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Arcadia (Tour) - 'an undiluted pleasure to experience'

Theatre Royal Brighton Productions and English Touring Theatre revive Tom Stoppard's modern classic

Rating: 4 out of 5 stars
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Talented pupil: Dakota Blue Richards as Thomasina Coverly
© Mark Douet

With his intriguing new play, The Hard Problem, settled in to the National Theatre repertoire, it's a smart move by English Touring Theatre to launch a revival of Tom Stoppard's modern classic, Arcadia, which spans centuries, mingles scientific knowledge with romantic fiction and features a tortoise in a country house mystery.

Actually, the old play, just like the new one, is about levels of consciousness and skills of interpretation as 19th century bigwigs mix with their 20th century successors, making a sort of echo chamber of ideas and critical interpretation in terms of both classicism and romanticism: what is a carnal embrace - the practice of throwing one's arms around a side of beef? - how do we make sense of the chaos theory or the second law of thermodynamics, and why exactly has Lord Byron suddenly departed on the Lisbon packet?

Blanche McIntyre's cool and lucid production does not try and be cleverer than the play - how could it? - and looks very much like Trevor Nunn's original 1993 National Theatre production and indeed David Leveaux's superb West End revival five years ago: the same cream-coloured country house setting (designed by Jonathan Fensom), the same mingling of Second Empire and contemporary clothing, the same sort of light, quizzical acting.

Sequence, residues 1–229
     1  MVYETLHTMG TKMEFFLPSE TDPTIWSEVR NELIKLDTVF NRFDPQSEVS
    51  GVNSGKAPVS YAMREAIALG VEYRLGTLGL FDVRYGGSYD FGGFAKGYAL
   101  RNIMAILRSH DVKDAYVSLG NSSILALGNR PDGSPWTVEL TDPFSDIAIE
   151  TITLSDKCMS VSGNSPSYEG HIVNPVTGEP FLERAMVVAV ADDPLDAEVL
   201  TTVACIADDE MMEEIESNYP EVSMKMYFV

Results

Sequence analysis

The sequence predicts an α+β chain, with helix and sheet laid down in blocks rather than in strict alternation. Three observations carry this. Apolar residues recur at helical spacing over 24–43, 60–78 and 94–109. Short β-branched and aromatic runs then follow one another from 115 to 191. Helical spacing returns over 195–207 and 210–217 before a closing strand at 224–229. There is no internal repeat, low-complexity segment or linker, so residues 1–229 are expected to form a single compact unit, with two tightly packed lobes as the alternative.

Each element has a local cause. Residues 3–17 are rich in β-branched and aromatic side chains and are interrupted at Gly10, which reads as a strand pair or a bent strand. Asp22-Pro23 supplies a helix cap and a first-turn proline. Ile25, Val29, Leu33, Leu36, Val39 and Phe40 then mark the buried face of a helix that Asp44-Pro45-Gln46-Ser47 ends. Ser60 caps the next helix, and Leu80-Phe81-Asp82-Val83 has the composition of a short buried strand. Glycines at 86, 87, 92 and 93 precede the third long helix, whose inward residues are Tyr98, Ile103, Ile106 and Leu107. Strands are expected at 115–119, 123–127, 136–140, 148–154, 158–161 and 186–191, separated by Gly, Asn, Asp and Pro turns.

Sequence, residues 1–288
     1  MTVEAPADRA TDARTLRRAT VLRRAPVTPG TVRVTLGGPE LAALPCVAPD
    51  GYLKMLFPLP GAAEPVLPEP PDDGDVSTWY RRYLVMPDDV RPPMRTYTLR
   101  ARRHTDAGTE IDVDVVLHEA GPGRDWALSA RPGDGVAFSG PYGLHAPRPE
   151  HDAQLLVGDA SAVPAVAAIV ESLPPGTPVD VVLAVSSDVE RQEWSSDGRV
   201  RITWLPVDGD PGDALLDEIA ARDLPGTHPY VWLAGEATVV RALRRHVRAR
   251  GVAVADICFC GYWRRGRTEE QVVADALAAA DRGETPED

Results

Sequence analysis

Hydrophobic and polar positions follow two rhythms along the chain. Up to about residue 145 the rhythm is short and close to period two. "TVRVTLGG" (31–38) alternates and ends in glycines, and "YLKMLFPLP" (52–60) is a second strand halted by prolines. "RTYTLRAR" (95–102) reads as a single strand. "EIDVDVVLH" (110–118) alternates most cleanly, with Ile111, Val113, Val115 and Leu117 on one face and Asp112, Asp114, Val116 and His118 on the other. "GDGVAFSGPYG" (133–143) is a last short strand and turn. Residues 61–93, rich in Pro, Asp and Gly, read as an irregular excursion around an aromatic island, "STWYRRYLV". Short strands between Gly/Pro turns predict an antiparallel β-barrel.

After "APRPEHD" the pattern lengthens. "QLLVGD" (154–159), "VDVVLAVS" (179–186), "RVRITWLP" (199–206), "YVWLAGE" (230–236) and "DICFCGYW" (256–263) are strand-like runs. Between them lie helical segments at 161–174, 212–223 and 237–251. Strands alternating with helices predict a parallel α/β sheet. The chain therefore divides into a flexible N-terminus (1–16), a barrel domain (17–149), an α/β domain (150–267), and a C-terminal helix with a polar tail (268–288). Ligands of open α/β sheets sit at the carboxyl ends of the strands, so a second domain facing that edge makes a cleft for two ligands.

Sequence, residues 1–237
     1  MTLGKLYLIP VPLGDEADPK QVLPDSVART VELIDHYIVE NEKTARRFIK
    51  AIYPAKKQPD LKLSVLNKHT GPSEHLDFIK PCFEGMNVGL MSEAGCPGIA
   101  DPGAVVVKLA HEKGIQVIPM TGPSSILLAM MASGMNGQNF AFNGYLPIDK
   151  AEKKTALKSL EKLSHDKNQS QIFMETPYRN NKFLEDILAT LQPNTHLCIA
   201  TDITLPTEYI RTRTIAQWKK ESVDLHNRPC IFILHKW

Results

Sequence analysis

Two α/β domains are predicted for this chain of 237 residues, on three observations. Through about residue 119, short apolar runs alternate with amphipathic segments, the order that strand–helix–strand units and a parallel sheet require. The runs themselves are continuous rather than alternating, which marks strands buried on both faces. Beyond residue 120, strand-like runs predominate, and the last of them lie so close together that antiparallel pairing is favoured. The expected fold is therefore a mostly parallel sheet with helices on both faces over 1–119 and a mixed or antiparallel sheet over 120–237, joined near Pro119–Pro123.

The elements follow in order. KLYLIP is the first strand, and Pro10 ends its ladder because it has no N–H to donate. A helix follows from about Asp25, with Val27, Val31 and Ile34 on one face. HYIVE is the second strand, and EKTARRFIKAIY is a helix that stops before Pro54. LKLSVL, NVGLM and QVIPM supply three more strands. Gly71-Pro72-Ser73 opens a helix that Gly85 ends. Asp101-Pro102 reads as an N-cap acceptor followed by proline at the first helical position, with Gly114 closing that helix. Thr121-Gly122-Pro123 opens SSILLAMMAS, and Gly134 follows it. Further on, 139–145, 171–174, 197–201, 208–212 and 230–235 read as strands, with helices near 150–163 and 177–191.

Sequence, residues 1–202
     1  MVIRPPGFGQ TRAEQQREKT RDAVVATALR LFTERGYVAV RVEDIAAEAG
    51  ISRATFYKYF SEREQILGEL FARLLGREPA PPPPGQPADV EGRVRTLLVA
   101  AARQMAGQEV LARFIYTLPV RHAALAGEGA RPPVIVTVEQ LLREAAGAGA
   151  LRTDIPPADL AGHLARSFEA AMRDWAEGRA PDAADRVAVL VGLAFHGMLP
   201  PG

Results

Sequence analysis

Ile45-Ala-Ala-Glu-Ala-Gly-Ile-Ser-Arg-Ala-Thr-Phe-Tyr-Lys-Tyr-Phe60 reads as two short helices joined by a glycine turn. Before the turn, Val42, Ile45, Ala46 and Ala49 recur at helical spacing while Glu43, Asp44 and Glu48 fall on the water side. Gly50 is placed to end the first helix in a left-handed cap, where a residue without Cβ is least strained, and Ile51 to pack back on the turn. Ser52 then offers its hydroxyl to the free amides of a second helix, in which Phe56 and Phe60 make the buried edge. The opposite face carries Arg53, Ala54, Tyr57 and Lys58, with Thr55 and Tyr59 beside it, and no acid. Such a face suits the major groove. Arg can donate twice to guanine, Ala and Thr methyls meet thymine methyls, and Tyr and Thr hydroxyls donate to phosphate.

Flora Montgomery is delightful as Hannah Jarvis (the role Stoppard wrote for Felicity Kendal) who is writing a history of this Sidley Park estate, and Kirsty Besterman doesn't miss a trick as the tartly analytical Lady Croom, while Robert Cavanah as the inquisitive poet Bernard Nightingale and Dakota Blue Richards as his talented pupil, Thomasina Coverly, are as good as any previous incarnations.

The plot points all work through, even though it remains tantalisingly impossible to draw any decisive conclusions as to the overall meaning of the play. It is still, line by line, an undiluted pleasure to experience, and it will certainly raise the game of its audiences around the country as the tour, co-produced with Theatre Royal Brighton Productions, an operating wing of ATG, takes off.

Arcadia is a Theatre Royal Brighton until 7 February before visiting Bath, Bromley, Woking, Aylesbury, Truro, Birmingham, Cambridge, Malvern and Oxford